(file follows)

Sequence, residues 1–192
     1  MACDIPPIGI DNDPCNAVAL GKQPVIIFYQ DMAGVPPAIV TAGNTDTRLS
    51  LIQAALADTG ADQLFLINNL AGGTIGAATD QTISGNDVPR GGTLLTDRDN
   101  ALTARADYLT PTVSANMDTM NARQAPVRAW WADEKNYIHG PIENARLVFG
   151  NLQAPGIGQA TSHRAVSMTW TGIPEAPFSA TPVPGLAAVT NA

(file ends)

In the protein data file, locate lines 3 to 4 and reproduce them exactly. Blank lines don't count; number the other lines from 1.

    51  LIQAALADTG ADQLFLINNL AGGTIGAATD QTISGNDVPR GGTLLTDRDN
   101  ALTARADYLT PTVSANMDTM NARQAPVRAW WADEKNYIHG PIENARLVFG